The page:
" Considering that going out for great pizza in SF usually involves waiting in line for around an hour - or giving up .0325% ownership of your company - being seated faster than it takes a five-year-old to blow out birthday candles is a small miracle.”

“When it comes to personal - really personal - dining experiences, there’s a mother bird feeding her chicks straight from the beak, and then there’s sushi omakase.”

“There are certain things you really only need to do once. Like cage dive with great whites, argue about politics with your father-in-law, or drunkenly get a tattoo. Even though you claim you don’t regret those Semisonic lyrics on your forearm, you’re probably not going to go back for the second verse. For us, dinner at Mission Chinese Food in Bushwick falls into the same category. Experiencing it once is enough.”

“The walls of our Infatuation office are covered in doodles. We have colour-coded boards covered in the names of restaurants we want to write about. We have a long list of new openings. And we have the word ‘swish’ in capitals to remind us to never, ever, use it in a review again. Basically, our walls are like A Beautiful Mind if you replaced every pi symbol with the word ‘chicken’.”

“There are a lot of factors that go into making something cool - after all, your face tattoo won’t get the job done on its own if it reads “Live, Laugh, Love,” in kanji. If you want to see a place that not only combines all of those factors into one shipping container-sized room but also, in so doing, creates something that makes Boston more complete, head to Tanám.”

“Self-service is the best worst thing in the world. For every self-checkout that wordlessly beeps another pack of Tangfastics, there’s an ePassport gate that laughs and rejects your teenage My Chemical Romance fringe. It’s seamless until it isn’t seamless, and all of it has been leading up to Parrillan: a King’s Cross grill-it-yourself terrace restaurant that turns DIY into a big old FU.”

“The main dining room is consistently crowded, but the best way to experience Maneki is in a private tatami room in the back. After you kick your shoes off, kneel down on your personal pillow, and get the sake flowing, everything else seems to fade away. It’s just you, people you hopefully like, and this quiet room that’s closed off from the rest of the restaurant where someone periodically stops by to give you raw fish and beer.”

“To understand Chiba, you have to experience spotting the hulking, standalone building off in the distance while driving up Lankershim. A 10-car valet line snakes out of their parking lot at 1pm every day of the week like it’s La Cienega Boulevard on a Saturday night. And yet, you’re surrounded by warehouses, smog shops, and discount sporting good stores. This isn’t even Noho’s bar-lined Arts District or nearby Ventura Blvd’s sushi row.”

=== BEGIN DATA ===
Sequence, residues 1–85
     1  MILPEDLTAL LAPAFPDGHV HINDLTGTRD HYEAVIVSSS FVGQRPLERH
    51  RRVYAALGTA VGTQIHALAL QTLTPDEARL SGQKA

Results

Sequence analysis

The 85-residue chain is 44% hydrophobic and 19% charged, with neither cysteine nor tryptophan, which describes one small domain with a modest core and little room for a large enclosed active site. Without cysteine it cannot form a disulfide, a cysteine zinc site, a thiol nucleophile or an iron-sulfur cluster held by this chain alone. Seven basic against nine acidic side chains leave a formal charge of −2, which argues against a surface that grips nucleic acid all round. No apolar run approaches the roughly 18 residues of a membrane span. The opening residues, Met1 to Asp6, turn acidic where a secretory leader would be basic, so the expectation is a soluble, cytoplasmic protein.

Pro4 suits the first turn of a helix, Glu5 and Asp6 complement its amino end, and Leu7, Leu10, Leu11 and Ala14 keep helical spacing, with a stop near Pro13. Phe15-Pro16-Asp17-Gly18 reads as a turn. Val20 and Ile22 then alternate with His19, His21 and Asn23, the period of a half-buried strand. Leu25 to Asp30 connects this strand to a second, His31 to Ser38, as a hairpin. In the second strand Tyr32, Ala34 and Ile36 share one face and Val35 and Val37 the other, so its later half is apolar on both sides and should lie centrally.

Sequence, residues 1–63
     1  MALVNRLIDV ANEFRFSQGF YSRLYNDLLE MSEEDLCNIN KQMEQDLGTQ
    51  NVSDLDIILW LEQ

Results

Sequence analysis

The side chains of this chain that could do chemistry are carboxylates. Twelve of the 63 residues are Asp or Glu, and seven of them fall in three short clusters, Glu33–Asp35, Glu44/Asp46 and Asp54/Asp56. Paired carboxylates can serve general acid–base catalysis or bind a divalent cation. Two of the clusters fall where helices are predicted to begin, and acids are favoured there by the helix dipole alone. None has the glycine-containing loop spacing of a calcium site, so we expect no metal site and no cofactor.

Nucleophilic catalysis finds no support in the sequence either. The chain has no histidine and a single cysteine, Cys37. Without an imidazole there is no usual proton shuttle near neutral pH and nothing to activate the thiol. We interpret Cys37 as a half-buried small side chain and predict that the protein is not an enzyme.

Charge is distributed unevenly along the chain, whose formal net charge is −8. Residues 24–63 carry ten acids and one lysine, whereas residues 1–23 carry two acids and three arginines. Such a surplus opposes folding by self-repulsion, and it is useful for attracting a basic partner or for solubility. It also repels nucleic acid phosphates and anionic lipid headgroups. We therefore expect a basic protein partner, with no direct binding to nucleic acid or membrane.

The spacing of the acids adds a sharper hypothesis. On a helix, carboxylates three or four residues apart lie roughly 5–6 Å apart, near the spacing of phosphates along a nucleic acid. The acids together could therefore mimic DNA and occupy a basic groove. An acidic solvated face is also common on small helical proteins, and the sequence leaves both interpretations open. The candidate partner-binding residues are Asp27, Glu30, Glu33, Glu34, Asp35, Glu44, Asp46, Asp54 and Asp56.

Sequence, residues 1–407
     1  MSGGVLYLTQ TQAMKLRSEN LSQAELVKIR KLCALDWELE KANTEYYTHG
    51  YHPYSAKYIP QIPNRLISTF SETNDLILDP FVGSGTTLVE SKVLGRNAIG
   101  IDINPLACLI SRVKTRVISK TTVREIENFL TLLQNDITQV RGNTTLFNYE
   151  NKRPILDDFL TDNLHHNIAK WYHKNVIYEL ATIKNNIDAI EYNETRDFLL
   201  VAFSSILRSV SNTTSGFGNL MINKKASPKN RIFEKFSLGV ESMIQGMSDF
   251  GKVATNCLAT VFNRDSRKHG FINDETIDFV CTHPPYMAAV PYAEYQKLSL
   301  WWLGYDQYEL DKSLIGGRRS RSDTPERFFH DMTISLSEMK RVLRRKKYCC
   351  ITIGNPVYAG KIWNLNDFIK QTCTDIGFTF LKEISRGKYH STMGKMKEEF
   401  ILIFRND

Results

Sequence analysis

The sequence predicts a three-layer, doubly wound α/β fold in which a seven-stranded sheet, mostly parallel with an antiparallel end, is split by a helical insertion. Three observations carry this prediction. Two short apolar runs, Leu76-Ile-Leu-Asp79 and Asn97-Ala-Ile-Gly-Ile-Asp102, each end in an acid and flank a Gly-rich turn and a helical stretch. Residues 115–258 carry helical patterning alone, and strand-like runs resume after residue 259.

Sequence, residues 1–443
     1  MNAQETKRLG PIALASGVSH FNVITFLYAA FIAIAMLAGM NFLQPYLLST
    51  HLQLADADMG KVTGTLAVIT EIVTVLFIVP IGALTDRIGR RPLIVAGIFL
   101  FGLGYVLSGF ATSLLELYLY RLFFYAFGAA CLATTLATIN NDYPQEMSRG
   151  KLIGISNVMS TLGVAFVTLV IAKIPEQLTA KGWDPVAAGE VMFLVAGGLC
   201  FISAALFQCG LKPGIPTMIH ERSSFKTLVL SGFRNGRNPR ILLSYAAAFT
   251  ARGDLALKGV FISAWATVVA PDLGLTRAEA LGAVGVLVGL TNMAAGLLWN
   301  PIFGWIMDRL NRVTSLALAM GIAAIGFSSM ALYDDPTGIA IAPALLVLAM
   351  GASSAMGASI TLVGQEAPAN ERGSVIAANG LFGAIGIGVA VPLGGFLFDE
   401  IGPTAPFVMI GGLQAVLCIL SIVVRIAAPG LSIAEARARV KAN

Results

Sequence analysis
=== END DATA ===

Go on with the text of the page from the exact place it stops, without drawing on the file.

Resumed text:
“When the apocalypse eventually comes for New York City, you’re going to have to find a good basement to bunker down. If you had your pick, where would you go? The underground archives of The Met could be cool. Or the storage area of a Trader Joe’s might be a more strategic choice. Reality is, you’d probably end up in the basement of your own apartment or office building, clutching the water heater for emotional support.

But if we did have a choice of a basement to be stuck in, we’d pick Sushi Azabu.”

“Somewhere between Dali’s cookbook in the back corner and the giant bar of soap up front, you might find something you’re happy to spend money on at 10 Corso Como. It just won’t be in the restaurant.”

“There are exposed rafters, cement brick walls, and a long bar looking into an open kitchen. If that all sounds familiar to you, it’s because - as nice as it is - the interior doesn’t look much different from other upscale restaurants these days. Luckily, once you examine the menu, you’ll realize you won’t be grinding through another over-priced, run-of-the-mill meal tonight. Birdie G’s serves comfort food, but it’s comfort food we’ve never seen inside an LA restaurant before.”

“But besides drinks and a few oysters, Aether is pretty much useless. Just like the 2011 Eagles (and, really, most Eagles seasons), it will go down on a long list of Philly things that should be great, but just aren’t.”

Infatuation Logo


2024 © The Infatuation Inc. All Rights Reserved.
The views and opinions expressed on The Infatuation’s site and other platforms are those of the authors and do not reflect the official policy or position of (or endorsement by) JPMorgan Chase. The Infatuation and its affiliates assume no responsibility or liability for the content of this site, or any errors or omissions. The Information contained in this site is provided on an "as is" basis with no guarantees of completeness, accuracy, usefulness or timeliness.


Get it on Google PlayDownload on the App Store